Supercharger

The “blower” is a rather unsophisticated finned wheel that operates at 8.12 times the crankshaft speed in the –P engine at 10.0 times crankshaft speed in the –PF engine.  The wheel is sealed and vented to atmosphere to prevent engine oil from entering the induction path, very similar to the Pratt & Whitney R-985 engine.  The wheel is used to help atomize fuel as it enters the induction system as well as provide a slight amount of boost.  Some of the parts that operate the supercharger are provided lubrication through very small orifices located in the induction housing and adjoining intermediate shafts.  Much improvement could be done to the blower wheel as it is rather inefficient and robs the engine of power that is not returned to the propeller.  Richard Goode, well known to most pilots in Europe, has provided such an improvement that boosted the maximum inlet pressure to 46 inches Hg at seal level, and the engine reportedly produces 450 brake hp (bhp) for an undetermined amount of time.  The engine is known as the M14-R.

BPE ignition coil and high-tension

plug wire

Master rod
Accessory case fully assembled

Cylinder, Ports and Combustion Chamber

The cylinders are nitrided steel with high vanadium content of a standard bore of 4.1428 inches (104.97312 mm) diameter with a long skirt that barely clears the rotating system.  The barrels have some choke that is achieve at assembly from the interference fit of the cylinder heat to the barrel.  When assembled, the head is heated, the barrel is cooled and the two parts are joined and secured by a modified vee-type thread.  The maximum overbore of the barrel is 0.008 inches (0.2032 mm) because of the thin nitrided layer.  The thread is a modified buttress thread.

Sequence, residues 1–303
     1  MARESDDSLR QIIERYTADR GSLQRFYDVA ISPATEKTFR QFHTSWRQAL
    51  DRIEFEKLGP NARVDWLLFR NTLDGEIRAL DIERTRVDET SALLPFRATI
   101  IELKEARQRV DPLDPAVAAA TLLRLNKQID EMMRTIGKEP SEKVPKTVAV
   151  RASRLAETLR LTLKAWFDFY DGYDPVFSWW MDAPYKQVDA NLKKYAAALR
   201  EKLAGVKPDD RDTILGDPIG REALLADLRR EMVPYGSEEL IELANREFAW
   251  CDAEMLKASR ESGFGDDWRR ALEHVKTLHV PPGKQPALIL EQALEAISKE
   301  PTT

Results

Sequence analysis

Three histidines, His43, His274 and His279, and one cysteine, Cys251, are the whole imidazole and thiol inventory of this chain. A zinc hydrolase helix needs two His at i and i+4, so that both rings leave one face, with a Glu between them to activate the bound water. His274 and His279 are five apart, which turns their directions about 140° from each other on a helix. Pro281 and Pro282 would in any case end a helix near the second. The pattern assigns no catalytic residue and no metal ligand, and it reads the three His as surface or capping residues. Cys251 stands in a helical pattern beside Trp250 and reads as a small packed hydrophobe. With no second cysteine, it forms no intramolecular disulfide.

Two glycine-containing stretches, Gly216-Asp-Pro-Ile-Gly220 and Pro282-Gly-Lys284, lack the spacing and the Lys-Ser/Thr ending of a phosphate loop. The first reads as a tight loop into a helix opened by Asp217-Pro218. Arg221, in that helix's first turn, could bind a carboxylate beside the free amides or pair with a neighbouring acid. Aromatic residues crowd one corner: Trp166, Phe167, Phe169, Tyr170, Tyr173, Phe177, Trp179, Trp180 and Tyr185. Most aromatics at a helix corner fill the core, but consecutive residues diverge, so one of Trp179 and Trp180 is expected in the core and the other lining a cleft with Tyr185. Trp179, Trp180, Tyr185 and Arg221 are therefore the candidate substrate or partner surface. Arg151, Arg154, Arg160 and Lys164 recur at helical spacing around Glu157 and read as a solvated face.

The combustion chamber is a true hemispherical shape with a case, flat-topped piston.  The piston is fitted with no less than five rings, the compression rings being full keystone and a sodium cooled exhaust valve with a weird seat angle.  The seat angle is 46 degrees, 15 minutes, and the valve is hard-faced and made from an investment casting.  New parts are not currently available through current manufacturing sources.  The guides are made from a bronze, and the exhaust guide is equipped with a scraper device to clean the stem of the valve.  The engine itself responds very well to modifications to improve its performance and alter the fuel and oil consumption rate.  One of the hot rod “tricks” that does not work is the porting and flow matching that has been prevalent on the flat engine scene for years.  In fact, it sometimes does not work on the flat engines either.  If one wishes to detune an M14 engine, just alter the ports.  They are very crude and inviting, but they are the only thing in the induction system that can provide swirl to the incoming fuel-air charge.

BPE Modifications to the M14 Engine